The mean ±SD of the age and body mass index were 24.3 ± 1.83 years (range: 21–28 years) and 23.46± 2.85, respectively. The duration of sedation in piperine receiving group was greater that the placebo group (188±59 vs. 102±43 min, p<0.0001). Half-life and clearance of midazolam were higher in piperine pretreatment group compared to placebo [1.88±0.03 vs. 1.71± 0.04 h (p<0.0001) and 33.62 ± 0.4 vs. 37.09 ± 1.07 ml/min (p<0.0001), respectively].
According to the results, piperine can significantly increases half-life and decreases clearance of midazolam compared to placebo. It is suggested that piperine can demonstrate those effects by inhibition CYP3A4 enzyme activity in liver microsomal system.
doi:10.1186/2008-2231-22-8
PMCID: PMC3904487  PMID: 24398010
Piperine; Midazolam; CYP3A; Clearance; Half-life; Microsomal hepatic metabolism; HPLC
15.  A SPECTROPHOTOMETRIC METHOD TO ESTIMATE PIPERINE IN PIPER SPECIES 
Ancient Science of Life  1998;18(1):84-87.
A Simple, rapid and economical procedure for estimation of piperine by UV Spectrophotometer in different piper species was developed and is described. The method is based on method is based on the identification of piperine by TLC and on the ultra violet absorbance maxima in alcohol at 328 nm.
PMCID: PMC3331057  PMID: 22556874
16.  Interaction of Natural Dietary and Herbal Anionic Compounds and Flavonoids with Human Organic Anion Transporters 1 (SLC22A6), 3 (SLC22A8), and 4 (SLC22A11) 
Active components of complementary/alternative medicines and natural supplements are often anionic compounds and flavonoids. As such, organic anion transporters (OATs) may play a key role in their pharmacokinetic and pharmacological profiles, and represent sites for adverse drug-drug interactions. Therefore, we assessed the inhibitory effects of nine natural products, including flavonoids (catechin and epicatechin), chlorogenic acids (1,3- and 1,5-dicaffeoylquinic acid), phenolic acids (ginkgolic acids (13 : 0), (15 : 1), and (17 : 1)), and the organic acids ursolic acid and 18β-glycyrrhetinic acid, on the transport activity of the human OATs, hOAT1 (SLC22A6), hOAT3 (SLC22A8), and hOAT4 (SLC22A11). Four compounds, 1,3- and 1,5-dicaffeoylquinic acid, ginkgolic acid (17 : 1), and 18β-glycyrrhetinic acid, significantly inhibited hOAT1-mediated transport (50 μM inhibitor versus 1 μM substrate). Five compounds, 1,3- and 1,5-dicaffeoylquinic acid, ginkgolic acids (15 : 1) and (17 : 1), and epicatechin, significantly inhibited hOAT3 transport under similar conditions. Only catechin inhibited hOAT4. Dose-dependency studies were conducted for 1,3-dicaffeoylquinic acid and 18β-glycyrrhetinic acid on hOAT1, and IC50 values were estimated as 1.2 ± 0.4 μM and 2.7 ± 0.2 μM, respectively. These data suggest that 1,3-dicaffeoylquinic acid and 18β-glycyrrhetinic acid may cause significant hOAT1-mediated DDIs in vivo; potential should be considered for safety issues during use and in future drug development.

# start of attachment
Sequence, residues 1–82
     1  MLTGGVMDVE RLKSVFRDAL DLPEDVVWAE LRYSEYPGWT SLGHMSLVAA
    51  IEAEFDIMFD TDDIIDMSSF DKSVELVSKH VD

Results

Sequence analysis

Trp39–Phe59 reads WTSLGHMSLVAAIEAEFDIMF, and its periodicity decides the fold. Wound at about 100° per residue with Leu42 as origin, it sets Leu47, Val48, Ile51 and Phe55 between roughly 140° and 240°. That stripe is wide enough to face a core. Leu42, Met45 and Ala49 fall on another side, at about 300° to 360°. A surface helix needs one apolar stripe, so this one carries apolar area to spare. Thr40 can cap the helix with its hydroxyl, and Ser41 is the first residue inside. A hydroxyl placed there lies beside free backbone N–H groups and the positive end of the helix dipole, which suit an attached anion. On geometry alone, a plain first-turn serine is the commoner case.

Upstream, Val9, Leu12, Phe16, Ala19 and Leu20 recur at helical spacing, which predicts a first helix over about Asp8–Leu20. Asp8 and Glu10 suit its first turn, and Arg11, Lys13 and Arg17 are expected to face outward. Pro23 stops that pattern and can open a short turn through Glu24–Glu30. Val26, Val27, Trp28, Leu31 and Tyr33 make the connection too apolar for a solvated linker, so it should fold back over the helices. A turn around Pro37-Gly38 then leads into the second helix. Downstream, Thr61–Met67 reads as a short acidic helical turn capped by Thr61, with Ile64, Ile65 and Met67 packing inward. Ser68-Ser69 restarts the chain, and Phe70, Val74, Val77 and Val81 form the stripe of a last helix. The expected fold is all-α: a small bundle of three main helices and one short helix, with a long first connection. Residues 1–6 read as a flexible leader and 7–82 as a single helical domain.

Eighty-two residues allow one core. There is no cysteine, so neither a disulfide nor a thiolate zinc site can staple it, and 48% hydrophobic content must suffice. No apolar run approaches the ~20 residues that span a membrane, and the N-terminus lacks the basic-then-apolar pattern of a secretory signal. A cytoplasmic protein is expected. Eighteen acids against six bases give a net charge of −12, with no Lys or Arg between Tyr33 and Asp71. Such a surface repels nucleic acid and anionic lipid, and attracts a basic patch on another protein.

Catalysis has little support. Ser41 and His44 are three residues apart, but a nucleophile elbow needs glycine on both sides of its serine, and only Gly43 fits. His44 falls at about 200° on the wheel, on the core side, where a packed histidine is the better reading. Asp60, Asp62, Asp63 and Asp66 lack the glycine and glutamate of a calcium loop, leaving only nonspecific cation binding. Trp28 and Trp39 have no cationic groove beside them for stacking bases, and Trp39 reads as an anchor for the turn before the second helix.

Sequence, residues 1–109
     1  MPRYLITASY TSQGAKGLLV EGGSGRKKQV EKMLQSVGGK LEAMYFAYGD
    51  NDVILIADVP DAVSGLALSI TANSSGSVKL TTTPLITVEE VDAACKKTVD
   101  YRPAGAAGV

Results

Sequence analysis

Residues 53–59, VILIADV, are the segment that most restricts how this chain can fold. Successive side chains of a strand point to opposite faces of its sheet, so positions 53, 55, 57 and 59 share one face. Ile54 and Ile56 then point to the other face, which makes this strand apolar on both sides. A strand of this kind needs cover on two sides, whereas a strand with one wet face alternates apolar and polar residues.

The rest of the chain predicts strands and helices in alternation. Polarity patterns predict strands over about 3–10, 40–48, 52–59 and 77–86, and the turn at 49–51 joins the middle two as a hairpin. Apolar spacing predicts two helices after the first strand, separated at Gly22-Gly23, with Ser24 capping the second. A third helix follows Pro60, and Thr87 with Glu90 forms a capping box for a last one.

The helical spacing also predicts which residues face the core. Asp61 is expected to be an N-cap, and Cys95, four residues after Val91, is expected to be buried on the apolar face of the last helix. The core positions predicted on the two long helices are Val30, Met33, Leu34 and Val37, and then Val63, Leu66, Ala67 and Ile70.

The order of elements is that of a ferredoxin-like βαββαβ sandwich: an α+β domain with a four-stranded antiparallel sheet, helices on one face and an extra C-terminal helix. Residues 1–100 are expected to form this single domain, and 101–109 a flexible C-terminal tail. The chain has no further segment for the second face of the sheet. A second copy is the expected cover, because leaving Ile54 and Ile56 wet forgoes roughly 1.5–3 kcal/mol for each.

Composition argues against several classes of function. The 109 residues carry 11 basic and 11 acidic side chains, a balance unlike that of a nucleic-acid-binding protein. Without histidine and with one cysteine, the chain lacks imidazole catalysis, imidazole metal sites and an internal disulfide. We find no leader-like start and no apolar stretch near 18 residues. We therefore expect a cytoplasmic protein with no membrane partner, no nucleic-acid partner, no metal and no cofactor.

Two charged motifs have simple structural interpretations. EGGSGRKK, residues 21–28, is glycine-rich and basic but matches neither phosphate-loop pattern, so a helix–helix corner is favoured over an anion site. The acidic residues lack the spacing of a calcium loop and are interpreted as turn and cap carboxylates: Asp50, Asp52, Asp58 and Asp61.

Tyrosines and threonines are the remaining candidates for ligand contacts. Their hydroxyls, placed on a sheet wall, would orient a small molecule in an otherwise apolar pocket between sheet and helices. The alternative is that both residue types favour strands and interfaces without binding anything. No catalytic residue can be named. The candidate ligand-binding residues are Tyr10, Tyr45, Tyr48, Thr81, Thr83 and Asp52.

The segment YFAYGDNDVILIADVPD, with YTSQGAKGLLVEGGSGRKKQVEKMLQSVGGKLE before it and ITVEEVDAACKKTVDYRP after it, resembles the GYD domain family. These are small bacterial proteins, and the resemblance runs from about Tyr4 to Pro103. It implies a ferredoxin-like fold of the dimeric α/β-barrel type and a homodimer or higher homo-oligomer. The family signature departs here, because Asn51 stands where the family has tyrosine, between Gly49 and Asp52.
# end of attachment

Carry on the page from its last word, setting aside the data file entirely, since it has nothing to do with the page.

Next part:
doi:10.1155/2013/612527
PMCID: PMC3618943  PMID: 23573138
17.  Docking studies of piperine - iron conjugate with human CYP450 3A4 
Bioinformation  2013;9(7):334-338.
Piperine, a major constituent of Piper nigrum (Black pepper), is one of the well known components in many Ayurvedic formulations. Piperine is most studied bioenhancer because it inhibits drug metabolizing enzymes in rodents and increases plasma concentrations of several drugs, including P-glycoprotein substrates. However, there areno evidences on piperine-iron conjugate to inhibit human CYP450 3A4. We therefore investigated the influence of piperine-Fe conjugate to study the metabolism of iron with CYP450 3A4. Our in silico results showed that Piperine when conjugated with iron, inhibited activity of CYP450 3A4. This improved the binding of piperine-Fe conjugate with CYP450 3A4 and increased bioavailability.
doi:10.6026/97320630009334
PMCID: PMC3669784  PMID: 23750076
Bioavailability; metabolic enzymes; Cytochrome P450 isoenzymes; piperine-iron conjugate; docking scores
18.  An evaluation of the inhibitory effects against rotavirus infection of edible plant extracts 
Virology Journal  2012;9:137.
Background
Rotaviruses are the single most important cause of severe diarrhea in young children worldwide. The developments of specific, potent and accessible antiviral treatments that restrain rotavirus infection remain important to control rotavirus disease.
Methods
150 plant extracts with nutritional applications were screened in vitro on MA-104 cells for their antiviral activity against rhesus rotavirus (RRV). One extract (Aspalathus linearis (Burm.f.) R.Dahlgren) was also tested for its effect on the loss of transepithelial resistance (TER) of Caco-2 cells caused by simian rotavirus (SA-11) infection.
Results
Aqueous extracts of Nelumbo nucifera Gaertn. fruit, Urtica dioica L. root, Aspalathus linearis (Burm.f.) R.Dahlgren leaves, Glycyrrhiza glabra L. root and Olea europaea L. leaves were found to have strong significant antiviral activity with a 50% inhibitory concentration (IC50) < 300 μg/ml. The pure compound 18ß-glycyrrhetinic acid from Glycyrrhiza glabra was found to have the strongest antiviral activity (IC50 46 μM), followed by luteolin and vitexin from Aspalathus linearis (IC50 respectively 116 μM and 129 μM) and apigenin-7-O-glucoside from Melissa officinalis (IC50 150 μM). A combination of Glycyrrhiza glabra L. + Nelumbo nucifera Gaertn. and Urtica dioica L. + Nelumbo nucifera Gaertn. showed synergy in their anti-viral activities. Aspalathus linearis (Burm.f.) R.Dahlgren showed no positive effect on the maintenance of the TER.